Similarly, Ms. Shakila Sarajulldin was able to provide for her family since the time of the Taliban government in Afghanistan because of her access to microfinance services. Many Afghani women in similar circumstances now can clothe their children and provide shelter due to microfinance services.

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4. PANEL III: Will the International Private Sector Transform the Landscape of Microfinance?
One of the most important developments in microfinance in the last few years has been the increased participation in the industry by the private sector, which has demonstrated that microfinance is a viable commercial business. A CGAP survey conducted in 2003 identified over 225 commercial banks and other formal financial institutions that are engaged in microfinance.

Moderator: Mr. Matthew Bishop (Chief Business Writer, The Economist)

Mr. Bo Cutter (Managing Director, Warburg Pincus)
Ms. Doris Köhn (First Vice-President, KfW Bankengruppe)
Mr. Roderick (Rory) Stear (Executive Chairman, Freeplay Energy Group)
Mr. Khalid Sheikh (Senior Vice President, Group Risk Management-Emerging Markets Analysis & Multilateral Organisations, ABN AMRO)
Mr. Israel Moreno (General Manager, PATRIMONIO HOY, an initiative of CEMEX)
Why is CEMEX into Microcredit?

Microfinance, originally nurtured by nonprofits, must now become a for-profit, private sector industry to expand its clientele. In order for this shift to occur, the private sector must accept microfinance as a profitable investment. This assertion is one that is supported by the Advisors Group to the Year of Microcredit.

Microfinance is a dual-objective investment: both profit generating and also a development initiative. Microfinance cannot be sustainable without the private sector; however, since many people still do not believe that they can earn profits from microfinance, fundraising has been hindered. The recent $100 million donation from Omidyar Foundation to Tufts University to be used in a Microfinance Endowment is evidence of attempts to change the perception and management of microfinance funds. This donation accounts for a quarter of all equity ever raised in microfinance and will be responsibly managed. As a historical analogy, private equity became important in the U.S. when major endowments and pension funds invested in the field. Similarly, deep, diverse capital markets that serve the poor can be developed with strong private sector emphasis.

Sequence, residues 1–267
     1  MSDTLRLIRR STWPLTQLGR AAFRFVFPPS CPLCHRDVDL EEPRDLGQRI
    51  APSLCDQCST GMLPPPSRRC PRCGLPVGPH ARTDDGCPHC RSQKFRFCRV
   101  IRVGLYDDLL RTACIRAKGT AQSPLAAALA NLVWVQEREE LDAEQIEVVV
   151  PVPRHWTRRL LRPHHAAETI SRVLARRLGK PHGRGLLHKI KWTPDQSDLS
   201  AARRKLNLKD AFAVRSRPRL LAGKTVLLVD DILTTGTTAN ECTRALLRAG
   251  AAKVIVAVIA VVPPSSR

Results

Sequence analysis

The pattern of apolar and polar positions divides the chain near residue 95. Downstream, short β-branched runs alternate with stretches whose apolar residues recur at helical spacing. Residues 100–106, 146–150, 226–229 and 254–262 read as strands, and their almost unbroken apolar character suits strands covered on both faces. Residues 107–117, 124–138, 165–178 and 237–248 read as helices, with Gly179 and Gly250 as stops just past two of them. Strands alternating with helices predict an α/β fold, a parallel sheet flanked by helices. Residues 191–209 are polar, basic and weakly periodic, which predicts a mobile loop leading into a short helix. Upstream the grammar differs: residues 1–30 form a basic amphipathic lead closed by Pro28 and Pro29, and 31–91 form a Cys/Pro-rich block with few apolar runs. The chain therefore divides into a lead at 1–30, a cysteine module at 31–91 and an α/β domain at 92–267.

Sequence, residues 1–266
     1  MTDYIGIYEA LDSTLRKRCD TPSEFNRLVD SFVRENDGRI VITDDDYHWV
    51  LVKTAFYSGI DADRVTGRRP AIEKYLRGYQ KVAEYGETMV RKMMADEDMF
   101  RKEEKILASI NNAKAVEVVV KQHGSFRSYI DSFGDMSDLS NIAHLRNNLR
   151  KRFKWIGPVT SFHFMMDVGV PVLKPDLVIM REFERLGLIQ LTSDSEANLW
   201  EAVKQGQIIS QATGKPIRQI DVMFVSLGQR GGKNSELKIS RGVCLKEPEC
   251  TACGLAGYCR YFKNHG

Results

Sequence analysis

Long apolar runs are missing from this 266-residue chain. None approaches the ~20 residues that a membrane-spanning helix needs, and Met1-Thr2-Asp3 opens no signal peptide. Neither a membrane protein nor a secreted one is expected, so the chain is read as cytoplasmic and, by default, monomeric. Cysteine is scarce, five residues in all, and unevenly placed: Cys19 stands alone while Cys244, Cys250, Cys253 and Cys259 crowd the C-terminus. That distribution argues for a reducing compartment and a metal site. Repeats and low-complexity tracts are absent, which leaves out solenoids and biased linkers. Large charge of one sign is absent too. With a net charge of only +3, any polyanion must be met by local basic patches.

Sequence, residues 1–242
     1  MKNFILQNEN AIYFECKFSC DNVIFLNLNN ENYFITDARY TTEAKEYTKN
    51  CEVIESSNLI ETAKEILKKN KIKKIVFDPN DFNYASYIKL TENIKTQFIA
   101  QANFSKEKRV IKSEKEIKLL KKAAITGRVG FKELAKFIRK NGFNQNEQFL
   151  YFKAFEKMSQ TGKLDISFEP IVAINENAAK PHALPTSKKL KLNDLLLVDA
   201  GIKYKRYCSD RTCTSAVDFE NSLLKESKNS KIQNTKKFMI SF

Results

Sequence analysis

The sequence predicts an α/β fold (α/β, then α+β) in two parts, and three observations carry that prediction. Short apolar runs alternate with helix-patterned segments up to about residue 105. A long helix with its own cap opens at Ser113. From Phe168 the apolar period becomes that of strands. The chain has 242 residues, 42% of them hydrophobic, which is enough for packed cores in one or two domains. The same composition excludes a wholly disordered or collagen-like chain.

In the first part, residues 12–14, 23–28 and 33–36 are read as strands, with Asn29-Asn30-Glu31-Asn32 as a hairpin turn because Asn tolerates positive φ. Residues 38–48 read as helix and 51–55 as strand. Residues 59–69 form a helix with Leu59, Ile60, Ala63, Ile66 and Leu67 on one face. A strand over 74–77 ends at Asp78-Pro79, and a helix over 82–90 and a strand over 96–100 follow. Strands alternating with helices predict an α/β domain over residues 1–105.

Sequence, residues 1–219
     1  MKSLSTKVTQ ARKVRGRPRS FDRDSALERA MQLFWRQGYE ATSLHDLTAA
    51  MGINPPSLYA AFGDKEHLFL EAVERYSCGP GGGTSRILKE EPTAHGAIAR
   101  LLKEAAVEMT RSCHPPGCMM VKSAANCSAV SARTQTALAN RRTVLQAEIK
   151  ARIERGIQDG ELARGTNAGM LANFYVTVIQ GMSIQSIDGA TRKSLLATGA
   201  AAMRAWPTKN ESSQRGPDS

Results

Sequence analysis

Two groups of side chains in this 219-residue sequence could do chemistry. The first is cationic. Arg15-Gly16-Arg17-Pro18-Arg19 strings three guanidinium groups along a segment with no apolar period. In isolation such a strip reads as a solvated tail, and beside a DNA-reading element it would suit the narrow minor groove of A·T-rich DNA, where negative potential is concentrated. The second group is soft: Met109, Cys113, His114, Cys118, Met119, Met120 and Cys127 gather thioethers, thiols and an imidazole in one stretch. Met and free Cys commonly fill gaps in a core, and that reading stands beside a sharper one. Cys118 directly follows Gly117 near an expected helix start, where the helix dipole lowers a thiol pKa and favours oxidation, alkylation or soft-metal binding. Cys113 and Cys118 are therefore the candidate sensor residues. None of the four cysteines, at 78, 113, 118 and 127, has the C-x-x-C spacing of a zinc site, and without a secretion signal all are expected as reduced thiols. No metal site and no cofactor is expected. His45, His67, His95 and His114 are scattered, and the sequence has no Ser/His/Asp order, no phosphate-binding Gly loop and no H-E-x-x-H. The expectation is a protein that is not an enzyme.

Once the private sector accepts microfinance as a profitable venture, there are various development agencies, such as KfW, the German development bank, which view their role as a link between private sector and social/development work. Through these partnerships between various agencies and organizations, markets and local issues can be better understood, governance structures will be appropriately addressed and technology will be advanced to address the needs of microfinance clients.

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5. PANEL IV: Technology: Expanding the Outreach of Microfinance
A wide range of technologies, such as ATMs, personal digital assistants and biometrics, are available to help microfinance providers improve efficiency, monitoring and supervisory capacity, increase transparency, and expand their client bases. Yet many microfinance institutions struggle to obtain access to and select the right technologies.

Moderator: Mr. Matthew Piasecki (Chief Commercial Officer, Visa International)

Mr. Simon Willis (Global Head of eGovernment, Internet Business Solutions Group, Cisco Systems Inc.)
Mr. Vikram Akula (Founder and CEO, SKS Microfinance)
Mr. Henrik Parl (Managing Director, Eurogiro)

Technological advancements have the potential to expand the outreach of microfinance to a greater extent than previously realized. Electronic payments contribute to a robust banking system, develop jobs and use technology to explore new markets. Furthermore, technology helps deliver remittances at lower prices.

Mr. Akula described how technology has transformed microfinance by describing the typical day of a loan officer seven years ago at SKS Microfinance. The loan officer traveled to field sites with huge amounts of cash, recorded transactions on paper, and then returned to the office to re-enter all of the collected information into ledgers. This amounted to over 100,000 manual entries a year, making it virtually impossible to isolate and correct past errors. The process has been revolutionized because of the automated branch offices offered by SKS. While initially a costly investment of more than 250,000 USD, today SKS has some of the lowest costs of any MFI in the world, averaging 6% in comparison to the industry average of 20%, including 300% annual client growth. They also automated their loan meetings via a smartcard handheld pilot application, which represented tremendous cost savings. It saved costs and eliminates cash in the system. Future applications could include integration with VISA's payment system, biometric identification at local markets, cell phones used to verify transactions for illiterate clients, etc.